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Ellagitannin Consumption Improves Strength Recovery 2-3 d after Eccentric Exercise

TROMBOLD, JUSTIN R.1; BARNES, JILL N.2; CRITCHLEY, LEAH1; COYLE, EDWARD F.1

Medicine & Science in Sports & Exercise: March 2010 - Volume 42 - Issue 3 - p 493-498
doi: 10.1249/MSS.0b013e3181b64edd
Basic Sciences

Purpose: Dietary supplementation with polyphenols, particularly ellagitannins, may attenuate the muscular damage experienced after eccentric exercise, producing delayed-onset muscle soreness. The purpose of this study was to determine whether ellagitannin supplementation from Wonderful variety pomegranate extract (POMx) improved recovery of skeletal muscle strength after eccentric exercise.

Methods: Recreationally active males were randomized into a crossover design with either pomegranate extract (POMx) or placebo (PLA), each given during a period of 9 d. To produce delayed-onset muscle soreness, subjects performed two sets of 20 maximal eccentric elbow flexion exercises with one arm. Maximal isometric elbow flexion strength and muscle soreness as well as serum measures of creatine kinase, myoglobin, interleukin 6, and C-reactive protein were made at baseline and 2, 24, 48, 72, and 96 h after exercise.

Results: With both treatments, strength was similarly reduced 2 h after exercise (i.e., 72% of baseline), and recovery of strength was incomplete after 96 h (i.e., 91% of baseline). However, strength was significantly higher in POMx compared with that in PLA at 48 h (85.4% ± 2.5% and 78.3% ± 2.6%, P = 0.01) and 72 h (88.9% ± 2.0% and 84.0% ± 2.0%, P = 0.009) after exercise. Serum markers of inflammation and muscle damage did not provide insight regarding possible mechanisms.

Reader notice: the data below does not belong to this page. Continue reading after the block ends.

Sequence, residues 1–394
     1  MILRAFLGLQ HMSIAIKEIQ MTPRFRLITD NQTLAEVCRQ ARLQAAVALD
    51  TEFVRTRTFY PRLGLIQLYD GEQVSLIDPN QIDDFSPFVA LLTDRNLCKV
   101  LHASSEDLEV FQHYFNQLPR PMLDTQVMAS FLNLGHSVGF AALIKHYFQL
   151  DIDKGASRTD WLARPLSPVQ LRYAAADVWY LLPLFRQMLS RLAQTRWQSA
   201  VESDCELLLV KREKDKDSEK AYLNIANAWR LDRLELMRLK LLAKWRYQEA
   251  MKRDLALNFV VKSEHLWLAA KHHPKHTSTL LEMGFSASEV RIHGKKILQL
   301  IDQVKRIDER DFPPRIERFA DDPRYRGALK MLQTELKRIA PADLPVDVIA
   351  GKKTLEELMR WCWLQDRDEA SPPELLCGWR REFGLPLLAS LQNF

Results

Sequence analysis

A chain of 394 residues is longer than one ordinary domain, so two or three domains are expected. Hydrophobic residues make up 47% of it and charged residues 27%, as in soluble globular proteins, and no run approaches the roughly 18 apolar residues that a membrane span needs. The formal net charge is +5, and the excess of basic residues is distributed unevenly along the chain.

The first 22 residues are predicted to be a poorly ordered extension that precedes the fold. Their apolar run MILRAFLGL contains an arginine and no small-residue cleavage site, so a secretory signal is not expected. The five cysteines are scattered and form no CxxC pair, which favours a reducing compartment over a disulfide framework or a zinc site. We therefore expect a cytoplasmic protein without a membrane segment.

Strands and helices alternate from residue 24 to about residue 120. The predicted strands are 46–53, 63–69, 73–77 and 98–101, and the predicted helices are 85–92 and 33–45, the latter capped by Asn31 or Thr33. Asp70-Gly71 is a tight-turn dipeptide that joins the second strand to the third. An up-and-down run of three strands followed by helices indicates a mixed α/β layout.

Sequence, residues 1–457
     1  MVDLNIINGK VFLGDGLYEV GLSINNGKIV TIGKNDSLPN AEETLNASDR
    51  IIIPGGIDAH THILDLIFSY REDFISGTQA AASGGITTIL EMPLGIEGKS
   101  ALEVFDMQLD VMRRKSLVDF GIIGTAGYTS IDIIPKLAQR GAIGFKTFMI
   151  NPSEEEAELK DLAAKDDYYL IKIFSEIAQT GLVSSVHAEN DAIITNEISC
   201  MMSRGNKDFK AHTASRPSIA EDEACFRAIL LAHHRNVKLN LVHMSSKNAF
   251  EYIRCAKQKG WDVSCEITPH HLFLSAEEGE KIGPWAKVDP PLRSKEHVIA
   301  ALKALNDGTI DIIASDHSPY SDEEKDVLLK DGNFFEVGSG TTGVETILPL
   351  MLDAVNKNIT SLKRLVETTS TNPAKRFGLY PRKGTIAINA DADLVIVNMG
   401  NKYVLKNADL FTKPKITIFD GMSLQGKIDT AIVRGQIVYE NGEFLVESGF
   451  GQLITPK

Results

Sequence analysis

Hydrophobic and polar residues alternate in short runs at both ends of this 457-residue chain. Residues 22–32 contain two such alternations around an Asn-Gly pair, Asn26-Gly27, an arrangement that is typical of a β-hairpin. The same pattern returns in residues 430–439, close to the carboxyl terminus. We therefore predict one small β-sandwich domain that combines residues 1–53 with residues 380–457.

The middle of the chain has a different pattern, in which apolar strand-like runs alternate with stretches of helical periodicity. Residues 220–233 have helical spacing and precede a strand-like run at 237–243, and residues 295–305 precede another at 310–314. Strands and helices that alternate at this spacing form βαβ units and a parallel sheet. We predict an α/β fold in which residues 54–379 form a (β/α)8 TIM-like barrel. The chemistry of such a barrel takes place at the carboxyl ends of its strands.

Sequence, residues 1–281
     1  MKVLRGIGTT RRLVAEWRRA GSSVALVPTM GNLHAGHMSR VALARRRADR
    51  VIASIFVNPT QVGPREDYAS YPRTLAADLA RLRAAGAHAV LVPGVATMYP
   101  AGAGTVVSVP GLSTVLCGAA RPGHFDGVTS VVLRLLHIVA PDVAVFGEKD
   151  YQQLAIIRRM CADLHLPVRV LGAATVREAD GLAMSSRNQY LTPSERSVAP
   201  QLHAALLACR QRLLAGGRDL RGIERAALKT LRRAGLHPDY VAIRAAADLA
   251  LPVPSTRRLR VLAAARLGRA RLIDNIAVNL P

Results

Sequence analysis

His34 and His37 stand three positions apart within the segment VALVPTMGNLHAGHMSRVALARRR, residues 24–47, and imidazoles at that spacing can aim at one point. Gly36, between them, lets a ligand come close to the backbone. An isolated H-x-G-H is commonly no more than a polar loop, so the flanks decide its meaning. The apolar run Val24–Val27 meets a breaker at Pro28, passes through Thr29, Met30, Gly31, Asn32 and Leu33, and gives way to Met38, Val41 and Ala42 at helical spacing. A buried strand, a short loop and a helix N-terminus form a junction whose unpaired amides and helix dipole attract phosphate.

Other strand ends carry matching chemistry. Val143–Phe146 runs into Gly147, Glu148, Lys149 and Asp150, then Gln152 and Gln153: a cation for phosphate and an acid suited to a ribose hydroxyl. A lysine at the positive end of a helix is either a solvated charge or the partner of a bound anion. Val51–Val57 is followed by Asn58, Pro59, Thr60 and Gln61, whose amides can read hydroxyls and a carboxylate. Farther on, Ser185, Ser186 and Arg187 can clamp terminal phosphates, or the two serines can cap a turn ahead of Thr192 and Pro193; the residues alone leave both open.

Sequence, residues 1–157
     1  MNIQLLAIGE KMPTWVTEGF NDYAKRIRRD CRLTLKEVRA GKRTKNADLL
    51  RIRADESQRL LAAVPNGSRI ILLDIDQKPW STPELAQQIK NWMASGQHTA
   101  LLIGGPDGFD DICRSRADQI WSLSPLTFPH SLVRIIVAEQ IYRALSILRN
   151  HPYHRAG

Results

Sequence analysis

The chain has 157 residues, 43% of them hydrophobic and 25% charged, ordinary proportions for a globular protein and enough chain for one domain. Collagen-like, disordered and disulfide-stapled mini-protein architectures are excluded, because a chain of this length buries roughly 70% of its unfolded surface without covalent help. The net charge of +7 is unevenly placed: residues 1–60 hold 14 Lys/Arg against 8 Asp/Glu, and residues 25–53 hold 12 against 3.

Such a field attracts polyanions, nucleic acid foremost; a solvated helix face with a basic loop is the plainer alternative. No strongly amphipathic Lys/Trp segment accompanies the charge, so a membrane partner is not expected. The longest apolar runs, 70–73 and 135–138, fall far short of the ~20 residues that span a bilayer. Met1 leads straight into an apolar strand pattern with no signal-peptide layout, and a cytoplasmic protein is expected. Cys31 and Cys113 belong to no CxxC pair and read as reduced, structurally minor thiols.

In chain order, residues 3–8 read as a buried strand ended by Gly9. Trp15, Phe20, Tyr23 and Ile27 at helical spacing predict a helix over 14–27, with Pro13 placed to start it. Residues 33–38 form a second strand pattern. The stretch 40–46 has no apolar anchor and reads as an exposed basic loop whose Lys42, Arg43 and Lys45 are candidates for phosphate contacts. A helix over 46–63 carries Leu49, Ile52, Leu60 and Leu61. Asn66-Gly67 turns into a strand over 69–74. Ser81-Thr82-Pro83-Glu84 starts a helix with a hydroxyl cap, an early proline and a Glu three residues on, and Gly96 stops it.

Conclusions: Supplementation with ellagitannins from pomegranate extract significantly improves recovery of isometric strength 2-3 d after a damaging eccentric exercise.

1Human Performance Laboratory, Department of Kinesiology and Health Education, The University of Texas at Austin, Austin, TX; and 2Cardiovascular Aging Research Laboratory, Department of Kinesiology and Health Education, The University of Texas at Austin, Austin, TX

Address for correspondence: Edward F. Coyle, Ph.D., FACSM, The University of Texas at Austin, One University Station, Bellmont Hall, Room 222K, Austin, TX 78712; E-mail: coyle@mail.utexas.edu.

Submitted for publication February 2009.

Accepted for publication July 2009.

©2010The American College of Sports Medicine